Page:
Division D: Manufacturing | Major Group 20: Food And Kindred Products | Industry Group 201: Meat Products

2013 Sausages And Other Prepared Meat Products: Establishments primarily engaged in manufacturing sausages, cured meats, smoked meats, canned meats, frozen meats, and other prepared meats and meat specialties, from purchased carcasses and other materials. Prepared meat plants operated by packing houses as separate establishments are also included in this industry. Establishments primarily engaged in canning or otherwise processing poultry, rabbits, and other small game are classified in Industry 2015. Establishments primarily engaged in canning meat for baby food are classified in Industry 2032. Establishments primarily engaged in the cutting up and resale of purchased fresh carcasses, for the trade, (including boxed beef) are classified in Wholesale Trade, Industry 5147.

  • Bacon, slab and sliced
  • Beef
  • Bologna
  • Calf's-foot jelly
  • Canned meats, except baby foods and animal feeds
  • Corned beef
  • Corned meats
  • Cured meats: brined, dried, and salted
  • Dried meats
  • Frankfurters, except poultry
  • Hams, except poultry
  • Headcheese
  • Lard
  • Luncheon meat, except poultry
  • Meat extracts
  • Meat products: cooked, cured, frozen, smoked, and spiced
  • Pastrami
  • Pigs' feet, cooked and pickled
  • Pork: pickled, cured, salted, or smoked
  • Potted meats
  • Puddings, meat
  • Sandwich spreads, meat
  • Sausage casings, collagen
  • Sausages
  • Scrapple
  • Smoked meats
  • Spreads, sandwich: meat
  • Stew, beef and lamb
  • Tripe
  • Vienna sausage

Description for 2024: Ice Cream And Frozen Desserts

Division D: Manufacturing | Major Group 20: Food And Kindred Products | Industry Group 202: Dairy Products

2024 Ice Cream And Frozen Desserts: Establishments primarily engaged in manufacturing ice cream and other frozen desserts. Establishments primarily engaged in manufacturing frozen bakery products, such as cakes and pies, are classified in Industry 2053.

  • Custard, frozen
  • Desserts, frozen: except bakery
  • Fruit pops, frozen
  • Ice cream: e.g., bulk, packaged, molded, on sticks
  • Ice milk: e.g., bulk, packaged, molded, on sticks
  • Ices and sherbets
  • Juice pops, frozen
  • Mellorine
  • Parfait
  • Pops, dessert: frozen-flavored ice, fruit pudding and gelatin
  • Pudding pops, frozen
  • Sherbets and ices
  • Spumoni
  • Tofu frozen desserts
  • Yogurt, frozen

Description for 2038: Frozen Specialties, Not Elsewhere Classified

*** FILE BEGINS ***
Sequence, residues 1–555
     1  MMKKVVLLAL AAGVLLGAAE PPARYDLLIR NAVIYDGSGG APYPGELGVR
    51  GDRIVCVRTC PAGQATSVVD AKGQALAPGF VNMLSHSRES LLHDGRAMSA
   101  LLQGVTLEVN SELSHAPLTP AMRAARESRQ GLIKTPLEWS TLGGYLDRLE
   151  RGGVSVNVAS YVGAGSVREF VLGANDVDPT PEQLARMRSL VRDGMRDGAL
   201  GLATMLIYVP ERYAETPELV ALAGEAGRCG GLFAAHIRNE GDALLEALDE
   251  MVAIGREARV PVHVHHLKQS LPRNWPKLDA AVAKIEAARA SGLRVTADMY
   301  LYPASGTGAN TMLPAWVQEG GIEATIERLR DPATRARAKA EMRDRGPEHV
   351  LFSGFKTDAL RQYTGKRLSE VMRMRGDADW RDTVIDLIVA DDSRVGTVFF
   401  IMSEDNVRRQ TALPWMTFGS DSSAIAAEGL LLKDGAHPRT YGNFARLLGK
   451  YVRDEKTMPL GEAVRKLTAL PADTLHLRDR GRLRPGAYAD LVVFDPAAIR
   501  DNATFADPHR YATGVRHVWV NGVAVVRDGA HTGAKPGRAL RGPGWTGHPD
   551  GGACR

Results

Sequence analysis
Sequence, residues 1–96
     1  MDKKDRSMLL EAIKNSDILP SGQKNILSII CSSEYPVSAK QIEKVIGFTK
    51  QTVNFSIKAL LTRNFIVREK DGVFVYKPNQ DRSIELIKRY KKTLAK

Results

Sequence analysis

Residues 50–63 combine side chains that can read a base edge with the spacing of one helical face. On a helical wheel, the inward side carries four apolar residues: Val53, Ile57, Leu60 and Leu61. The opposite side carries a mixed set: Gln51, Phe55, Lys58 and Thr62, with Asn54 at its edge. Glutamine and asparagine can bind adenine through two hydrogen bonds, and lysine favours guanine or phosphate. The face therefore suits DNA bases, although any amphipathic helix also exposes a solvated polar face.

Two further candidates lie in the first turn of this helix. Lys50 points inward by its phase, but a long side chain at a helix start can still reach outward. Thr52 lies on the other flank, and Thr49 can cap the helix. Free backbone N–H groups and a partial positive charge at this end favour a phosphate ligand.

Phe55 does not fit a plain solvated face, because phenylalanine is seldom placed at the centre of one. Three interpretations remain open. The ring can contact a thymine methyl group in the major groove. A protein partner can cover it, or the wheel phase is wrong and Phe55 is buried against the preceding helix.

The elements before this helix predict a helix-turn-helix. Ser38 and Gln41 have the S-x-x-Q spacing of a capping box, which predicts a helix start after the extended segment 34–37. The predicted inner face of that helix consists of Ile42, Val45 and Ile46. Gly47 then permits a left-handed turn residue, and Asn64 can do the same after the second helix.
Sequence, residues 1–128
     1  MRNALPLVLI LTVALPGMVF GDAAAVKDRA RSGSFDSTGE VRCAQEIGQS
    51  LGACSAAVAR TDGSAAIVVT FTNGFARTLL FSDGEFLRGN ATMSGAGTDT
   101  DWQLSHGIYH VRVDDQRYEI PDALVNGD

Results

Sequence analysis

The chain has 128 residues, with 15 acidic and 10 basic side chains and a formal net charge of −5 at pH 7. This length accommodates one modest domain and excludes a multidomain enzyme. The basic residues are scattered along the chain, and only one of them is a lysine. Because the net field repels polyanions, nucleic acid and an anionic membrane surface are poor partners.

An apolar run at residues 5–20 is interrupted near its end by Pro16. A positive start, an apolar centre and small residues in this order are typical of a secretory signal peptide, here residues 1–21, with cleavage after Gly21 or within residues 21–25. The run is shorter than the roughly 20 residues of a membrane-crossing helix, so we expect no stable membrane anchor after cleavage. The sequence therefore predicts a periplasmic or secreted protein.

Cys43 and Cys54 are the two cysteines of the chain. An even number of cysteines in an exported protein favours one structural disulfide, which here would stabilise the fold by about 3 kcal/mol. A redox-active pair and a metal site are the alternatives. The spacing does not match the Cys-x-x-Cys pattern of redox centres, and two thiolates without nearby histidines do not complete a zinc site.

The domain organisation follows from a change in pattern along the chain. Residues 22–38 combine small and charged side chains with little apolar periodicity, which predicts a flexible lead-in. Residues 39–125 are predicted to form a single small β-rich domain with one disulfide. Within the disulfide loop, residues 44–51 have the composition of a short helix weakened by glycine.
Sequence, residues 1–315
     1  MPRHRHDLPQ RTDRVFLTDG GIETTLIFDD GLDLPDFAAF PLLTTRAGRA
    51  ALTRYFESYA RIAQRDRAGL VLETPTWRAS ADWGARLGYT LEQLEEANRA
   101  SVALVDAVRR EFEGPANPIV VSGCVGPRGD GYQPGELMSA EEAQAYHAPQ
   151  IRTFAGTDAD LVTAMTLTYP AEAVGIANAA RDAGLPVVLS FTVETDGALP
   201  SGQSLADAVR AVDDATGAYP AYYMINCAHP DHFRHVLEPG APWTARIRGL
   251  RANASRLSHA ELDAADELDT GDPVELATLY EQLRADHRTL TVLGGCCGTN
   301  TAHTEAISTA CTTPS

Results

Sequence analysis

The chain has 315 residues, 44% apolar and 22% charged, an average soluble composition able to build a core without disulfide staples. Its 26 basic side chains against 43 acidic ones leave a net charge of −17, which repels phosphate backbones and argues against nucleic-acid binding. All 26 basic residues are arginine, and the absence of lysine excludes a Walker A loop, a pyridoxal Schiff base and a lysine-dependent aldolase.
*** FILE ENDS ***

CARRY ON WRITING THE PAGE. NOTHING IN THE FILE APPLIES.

Division D: Manufacturing | Major Group 20: Food And Kindred Products | Industry Group 203: Canned, Frozen, And Preserved Fruits, Vegetables, and Food Specialties

2038 Frozen Specialties, Not Elsewhere Classified: Establishments primarily engaged in manufacturing frozen food specialties, not elsewhere classified, such as frozen dinners and frozen pizza. The manufacture of some important frozen foods and specialties is classified elsewhere. For example, establishments primarily engaged in manufacturing frozen dairy specialties are classified in Industry Group 202, those manufacturing frozen bakery products are classified in Industry Group 205, those manufacturing frozen fruits and vegetables are classified in Industry 2037, and those manufacturing frozen fish and seafood specialties are classified in Industry 2092.

  • Dinners, frozen: packaged
  • French toast, frozen
  • Frozen dinners, packaged
  • Meats, frozen
  • Native foods, frozen
  • Pizza, frozen
  • Soups, frozen: except seafood
  • Spaghetti and meatballs, frozen
  • Waffles, frozen
  • Whipped topping, frozen

Description for 2053: Frozen Bakery Products, Except Bread

Division D: Manufacturing | Major Group 20: Food And Kindred Products | Industry Group 205: Bakery Products

2053 Frozen Bakery Products, Except Bread: Establishments primarily engaged in manufacturing frozen bakery products, except bread and bread-type rolls. Establishments primarily engaged in manufacturing frozen bread and bread-type rolls are classified in Industry 2051.

  • Bakery products, frozen: except bread and bread-type rolls
  • Cakes, frozen: pound, layer, and cheese
  • Croissants, frozen
  • Doughnuts, frozen
  • Pies, bakery, frozen
  • Sweet yeast goods, frozen

Description for 2092: Prepared Fresh Or Frozen Fish And Seafoods

Division D: Manufacturing | Major Group 20: Food And Kindred Products | Industry Group 209: Miscellaneous Food Preparations And Kindred